The Penelopiad, the film

What stood out to me the most in The Penelopiad is the artistic, visual and lyrical way it is written. I think it would be amazing to make a movie-adaptation of this novel. While I was reading, I was really reminded of the movie director Baz Lurhmann, in particular his movie Romeo+Juliet (1996). His very unique, eclectic, funky, and modern retelling of the famous play by Shakespeare is similar to the way Margaret Atwood retells the story of the Odyssey. They both have vibrant imagery, interesting music, a modern setting and eccentric characters. 

Both The Penelopiad and Romeo+Juliet are set in modern time yet they still rely heavily on the respective texts they originate from. Atwood’s characterization of a modern-day Penelope is credible, relatable and human. Even though it is the 21st century, the story retains the original emotional force of the myth, which would make for a great movie plot. The Penelopiad also has a big musical component, with chorus lines, rhymes, tunes, sea shanties and more, like there is in all of Baz Lurhmann’s movies. 

The novel’s linear storyline also works perfectly for a film, yet in particular there is a lot of striking imagery and scenes that give it a very theatrical feel. For instance, the scenes involving water (story of Penelope’s mother), and the dreams, like the maid’s ballad of the golden boats, are all very ethereal and dramatic, which would be really interesting to translate into film. 

The 12 characters of the maids I find especially intriguing and really want to know what their singing would sound like. Is it like the song “Lovely Ladies” in Les Misérables sung by the women from the brothel or more like the sirens from the Odyssey? 

Regardless, I think Atwood does a fantastic job at giving the maids flair and personality of their own. They are certainly not always loud or flamboyant, but in their own subtle and silent way they express a lot of unsaid things. For example in the chorus line “A Wily Sea Captain” it seems like a very classical, traditional song in praise of their master, yet in reality, it is full of insults and sarcastic comments mocking Odysseus.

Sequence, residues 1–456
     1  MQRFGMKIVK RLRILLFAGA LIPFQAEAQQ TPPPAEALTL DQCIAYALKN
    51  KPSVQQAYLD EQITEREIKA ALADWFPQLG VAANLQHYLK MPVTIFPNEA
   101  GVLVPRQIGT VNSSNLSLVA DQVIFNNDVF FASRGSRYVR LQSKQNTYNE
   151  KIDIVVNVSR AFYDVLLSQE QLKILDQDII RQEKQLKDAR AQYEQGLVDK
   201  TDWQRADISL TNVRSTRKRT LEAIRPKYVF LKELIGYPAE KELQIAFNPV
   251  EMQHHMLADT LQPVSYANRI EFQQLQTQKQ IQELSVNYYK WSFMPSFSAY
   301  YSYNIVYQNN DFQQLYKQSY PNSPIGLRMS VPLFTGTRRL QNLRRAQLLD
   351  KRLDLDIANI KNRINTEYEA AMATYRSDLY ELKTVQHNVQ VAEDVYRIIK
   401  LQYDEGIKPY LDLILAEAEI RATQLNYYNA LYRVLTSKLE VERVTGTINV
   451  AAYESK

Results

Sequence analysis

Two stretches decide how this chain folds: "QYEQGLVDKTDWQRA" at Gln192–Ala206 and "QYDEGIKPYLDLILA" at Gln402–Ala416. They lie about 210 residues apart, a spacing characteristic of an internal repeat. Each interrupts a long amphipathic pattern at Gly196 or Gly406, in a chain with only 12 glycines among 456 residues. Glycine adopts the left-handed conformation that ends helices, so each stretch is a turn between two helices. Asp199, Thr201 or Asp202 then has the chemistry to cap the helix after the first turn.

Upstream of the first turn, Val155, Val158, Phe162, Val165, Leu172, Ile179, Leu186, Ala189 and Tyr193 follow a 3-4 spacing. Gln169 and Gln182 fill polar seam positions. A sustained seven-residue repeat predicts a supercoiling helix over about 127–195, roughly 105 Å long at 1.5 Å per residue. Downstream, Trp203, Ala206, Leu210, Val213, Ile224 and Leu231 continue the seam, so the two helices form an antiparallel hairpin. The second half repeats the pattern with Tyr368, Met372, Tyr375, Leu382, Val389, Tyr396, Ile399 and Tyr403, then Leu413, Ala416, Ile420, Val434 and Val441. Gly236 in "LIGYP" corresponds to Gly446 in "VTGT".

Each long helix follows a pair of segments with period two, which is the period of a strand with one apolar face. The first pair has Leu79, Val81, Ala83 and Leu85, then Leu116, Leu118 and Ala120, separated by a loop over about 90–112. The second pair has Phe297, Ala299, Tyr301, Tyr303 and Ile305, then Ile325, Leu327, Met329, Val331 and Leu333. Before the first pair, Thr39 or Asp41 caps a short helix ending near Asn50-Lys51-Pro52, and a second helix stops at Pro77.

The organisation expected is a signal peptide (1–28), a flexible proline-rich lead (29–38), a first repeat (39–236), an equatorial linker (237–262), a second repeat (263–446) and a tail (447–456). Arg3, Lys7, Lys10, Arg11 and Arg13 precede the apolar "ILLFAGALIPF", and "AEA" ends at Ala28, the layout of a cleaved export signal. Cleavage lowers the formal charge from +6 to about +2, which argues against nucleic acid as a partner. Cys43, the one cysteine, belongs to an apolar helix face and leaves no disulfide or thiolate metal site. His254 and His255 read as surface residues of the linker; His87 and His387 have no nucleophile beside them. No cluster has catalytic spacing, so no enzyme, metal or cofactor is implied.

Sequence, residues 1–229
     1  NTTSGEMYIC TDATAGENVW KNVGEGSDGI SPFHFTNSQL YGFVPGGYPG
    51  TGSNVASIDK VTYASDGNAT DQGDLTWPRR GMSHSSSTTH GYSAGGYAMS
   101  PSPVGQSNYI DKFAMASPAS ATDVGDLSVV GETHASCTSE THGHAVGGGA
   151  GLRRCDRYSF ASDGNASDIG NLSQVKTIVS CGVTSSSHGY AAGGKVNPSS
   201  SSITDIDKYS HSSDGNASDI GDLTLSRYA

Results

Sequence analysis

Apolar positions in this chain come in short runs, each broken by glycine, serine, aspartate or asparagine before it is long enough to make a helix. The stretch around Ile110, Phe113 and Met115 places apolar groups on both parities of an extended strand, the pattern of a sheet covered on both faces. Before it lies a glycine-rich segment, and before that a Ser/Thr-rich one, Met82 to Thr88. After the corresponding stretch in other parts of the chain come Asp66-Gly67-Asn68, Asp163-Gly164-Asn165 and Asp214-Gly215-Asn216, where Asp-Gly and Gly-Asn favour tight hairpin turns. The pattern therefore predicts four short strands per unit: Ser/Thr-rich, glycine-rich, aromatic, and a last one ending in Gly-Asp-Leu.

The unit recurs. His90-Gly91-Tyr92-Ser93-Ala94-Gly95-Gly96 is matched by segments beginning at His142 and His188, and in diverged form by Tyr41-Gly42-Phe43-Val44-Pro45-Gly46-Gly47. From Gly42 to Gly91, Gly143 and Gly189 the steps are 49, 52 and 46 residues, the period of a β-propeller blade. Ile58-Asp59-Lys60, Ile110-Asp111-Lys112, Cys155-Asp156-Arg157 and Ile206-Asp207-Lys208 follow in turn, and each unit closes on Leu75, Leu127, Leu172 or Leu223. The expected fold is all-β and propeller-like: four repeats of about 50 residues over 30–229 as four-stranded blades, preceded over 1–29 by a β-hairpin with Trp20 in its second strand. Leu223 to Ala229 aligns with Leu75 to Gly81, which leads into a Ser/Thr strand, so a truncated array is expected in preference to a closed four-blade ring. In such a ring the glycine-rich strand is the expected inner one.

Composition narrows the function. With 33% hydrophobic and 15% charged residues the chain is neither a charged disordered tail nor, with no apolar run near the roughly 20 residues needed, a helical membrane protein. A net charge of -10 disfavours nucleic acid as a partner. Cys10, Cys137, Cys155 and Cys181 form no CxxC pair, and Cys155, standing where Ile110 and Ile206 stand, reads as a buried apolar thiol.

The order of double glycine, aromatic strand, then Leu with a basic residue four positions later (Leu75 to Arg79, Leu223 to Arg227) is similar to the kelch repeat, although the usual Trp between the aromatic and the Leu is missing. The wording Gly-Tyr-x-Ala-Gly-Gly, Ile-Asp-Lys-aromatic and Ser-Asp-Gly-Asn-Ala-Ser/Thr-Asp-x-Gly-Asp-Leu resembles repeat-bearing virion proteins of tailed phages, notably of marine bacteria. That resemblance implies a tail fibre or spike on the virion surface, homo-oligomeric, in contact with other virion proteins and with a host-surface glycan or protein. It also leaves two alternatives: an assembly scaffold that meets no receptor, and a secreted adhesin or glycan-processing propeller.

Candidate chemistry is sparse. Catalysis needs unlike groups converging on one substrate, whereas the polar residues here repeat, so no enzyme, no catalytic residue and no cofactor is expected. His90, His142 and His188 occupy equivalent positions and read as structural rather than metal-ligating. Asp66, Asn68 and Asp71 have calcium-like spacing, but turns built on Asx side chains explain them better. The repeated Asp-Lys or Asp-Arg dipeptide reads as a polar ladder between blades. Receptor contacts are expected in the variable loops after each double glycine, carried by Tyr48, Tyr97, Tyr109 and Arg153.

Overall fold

To me, the maids are powerful forces not to be reckoned with in The Penelopiad. They do as they wish, recklessly and spontaneously, like suddenly breaking into song, simulating tv courts, or putting on dramas impersonating their queen. Their creativity and boldness would be fascinating captured as characters of a film. What do you think the maids would look, sound and act like if they were in a film adaptation?

About Me

My name is Ana Maria Fernandez and I am a first year student at UBC in the Faculty of Arts. I was born and raised in Guadalajara, Mexico and I recently moved to Victoria, B.C. in 2011. I enjoy reading, drawing, painting, and want to be an Architect.

My interest in history and English is what mainly drew me to Arts One, but also the format of the course, the focus on writing, the professors, and the small knit community. I really like how you get to study each text from different perspectives and engage with them through the essays.

I chose Group B because Repetition Compulsion seems to go beyond English, history and philosophy, and I also feel a little more familiar with the book list, especially with Heart of Darkness/Apocalypse Now (my favourite movie), The Odyssey, The Tempest, and the Lyrical Ballads. The rest of the texts I am not familiar with but I like the existentialist theme going on and a lot of the authors (Nietzsche, Rousseau, Hobbes, Freud) are people I have always studied in history class but never actually read their works. I am also excited for the contemporary authors like Margaret Atwood and Ian Hacking.

I hope I get to learn a lot and come out of this program with new ideas.


Spam prevention powered by Akismet